She writes, for instance, that “the executive board of Local 1-2 accepted more concessions than many members feel were necessary.” Later she complains, in an attempt to look more critical of the union leadership, of the “eagerness to accept a flawed contract” and “the mentality that views unions more as businesses than as vehicles for democracy and social justice. Unfortunately, this is the dominant strategy across the labor movement today.”
This raises several issues. First, if this is the role of the leadership, why was the ISO building up the union during the month-long lockout? In this very same article Muldoon writes approvingly of a “community solidarity meeting” that was organized during the lockout. The purpose of this meeting, in which the ISO was an enthusiastic participant, was not to expose the role of the union, but to give it a “left” cover under conditions in which many rank-and-file Con Ed workers had concluded that the union was doing nothing to advance their struggle and was operating as a tool of the company.
The unions have demonstrated over and over again for the past several decades that they function as an arm of the corporate establishment and the capitalist state, especially through their alliance with the Democratic Party.
Muldoon, however, wants to keep workers ignorant of these facts. The term “unfortunate” is designed to encourage the illusion that the unions can and will defend the interests of workers. Under these circumstances that is the equivalent of telling workers to keep faith with the Democrats and with capitalism itself.
Sure enough, this same ISO writer alludes to the role of New York’s Democratic Governor Andrew Cuomo, who brokered the deal that ended the lockout. “[S]ome members are angry that a so-called ‘friend of labor’ in the governor’s mansion sat by while defined-benefit pensions were sacrificed on the alter [sic] of profit,” she writes. She associates herself with workers who she suggests hoped to have Cuomo intervene on their behalf.
Rather than explaining the necessity to break decisively with the Democrats, Muldoon suggests that, under the right circumstances, Cuomo could have been compelled to stand up for the Con Ed workers’ pensions. The governor’s role as a vicious enemy of the working class, which he has proved repeatedly in his two years in office, goes unmentioned. Just last April Cuomo imposed a bill instituting a new pension tier for new hires in state government.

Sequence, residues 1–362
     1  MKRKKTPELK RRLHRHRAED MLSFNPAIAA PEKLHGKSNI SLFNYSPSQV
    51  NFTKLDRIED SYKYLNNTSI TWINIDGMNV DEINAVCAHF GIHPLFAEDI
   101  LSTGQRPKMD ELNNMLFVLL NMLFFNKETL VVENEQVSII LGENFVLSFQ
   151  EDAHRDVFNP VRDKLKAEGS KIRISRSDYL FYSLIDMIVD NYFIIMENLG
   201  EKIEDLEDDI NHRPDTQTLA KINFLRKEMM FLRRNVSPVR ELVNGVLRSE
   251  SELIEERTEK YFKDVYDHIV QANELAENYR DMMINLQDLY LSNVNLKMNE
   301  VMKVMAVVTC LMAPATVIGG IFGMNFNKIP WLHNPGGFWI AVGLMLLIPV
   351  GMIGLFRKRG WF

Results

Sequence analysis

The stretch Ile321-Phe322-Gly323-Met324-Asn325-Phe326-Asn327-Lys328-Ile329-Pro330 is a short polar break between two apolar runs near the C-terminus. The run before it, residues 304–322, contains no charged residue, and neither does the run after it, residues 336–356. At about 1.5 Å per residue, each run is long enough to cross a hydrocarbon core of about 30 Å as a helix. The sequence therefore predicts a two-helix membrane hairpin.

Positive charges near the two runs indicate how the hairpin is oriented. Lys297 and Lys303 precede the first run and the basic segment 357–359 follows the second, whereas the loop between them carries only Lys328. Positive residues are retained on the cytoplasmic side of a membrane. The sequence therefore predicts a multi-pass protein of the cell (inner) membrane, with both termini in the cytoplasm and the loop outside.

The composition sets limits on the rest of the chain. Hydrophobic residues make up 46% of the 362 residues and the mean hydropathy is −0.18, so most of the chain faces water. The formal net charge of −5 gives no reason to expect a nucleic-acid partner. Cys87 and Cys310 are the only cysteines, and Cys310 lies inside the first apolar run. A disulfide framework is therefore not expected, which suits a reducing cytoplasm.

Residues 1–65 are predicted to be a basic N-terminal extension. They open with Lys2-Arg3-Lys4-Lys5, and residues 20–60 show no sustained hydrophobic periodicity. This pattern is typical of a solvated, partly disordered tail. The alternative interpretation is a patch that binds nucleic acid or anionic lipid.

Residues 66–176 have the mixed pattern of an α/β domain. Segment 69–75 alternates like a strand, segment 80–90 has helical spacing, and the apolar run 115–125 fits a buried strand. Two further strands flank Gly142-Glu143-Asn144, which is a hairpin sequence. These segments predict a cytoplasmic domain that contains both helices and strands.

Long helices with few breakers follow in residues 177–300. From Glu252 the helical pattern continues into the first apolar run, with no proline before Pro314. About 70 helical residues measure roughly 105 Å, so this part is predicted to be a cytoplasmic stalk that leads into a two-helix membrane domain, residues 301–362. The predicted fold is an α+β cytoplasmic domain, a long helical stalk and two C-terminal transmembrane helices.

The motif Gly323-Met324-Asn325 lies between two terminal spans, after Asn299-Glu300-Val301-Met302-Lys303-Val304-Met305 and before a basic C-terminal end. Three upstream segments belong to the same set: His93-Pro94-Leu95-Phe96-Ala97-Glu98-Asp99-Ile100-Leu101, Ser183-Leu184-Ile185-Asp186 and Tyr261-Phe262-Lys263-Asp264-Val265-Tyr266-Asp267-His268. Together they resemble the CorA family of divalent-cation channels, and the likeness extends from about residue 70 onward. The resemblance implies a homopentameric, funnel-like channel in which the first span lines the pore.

In its promotion of the Democrats, the ISO invariably seeks to bring in identity politics. Muldoon refers to “the racist dimension of power cuts,” and the fact that “older workers tend to be whiter.” The idea behind this is supposedly that minority workers in New York could be convinced to support the Con Ed workers on racial grounds.
The issue of race and ethnicity, so beloved of many Wall Street Democrats precisely because it gives them a liberal veneer and at the same time aids in dividing the working class, is something that the ISO pushes to a point that is sometimes ludicrous but no less reactionary. The Con Ed struggle points to the need to unite the working class, not to hide the fundamental class issues behind issues of race.
Whatever the immediate outcome of the Con Ed contract vote, the struggle of these workers and the entire working class in the face of the historic onslaught on living standards and social conditions is just beginning. It is a battle against a bankrupt and outmoded social system.
The dividing line between the Socialist Equality Party and groups like the ISO is clear. They seek to keep workers tied to the capitalist system, while the SEP fights tirelessly to show that the central issue is the need to unite the working class in a political struggle, which requires a break with the parties of big business. The interests of the entire working class can only be defended through the fight for a socialist program that proceeds from the social needs of humanity and not the profit interests of the super-rich.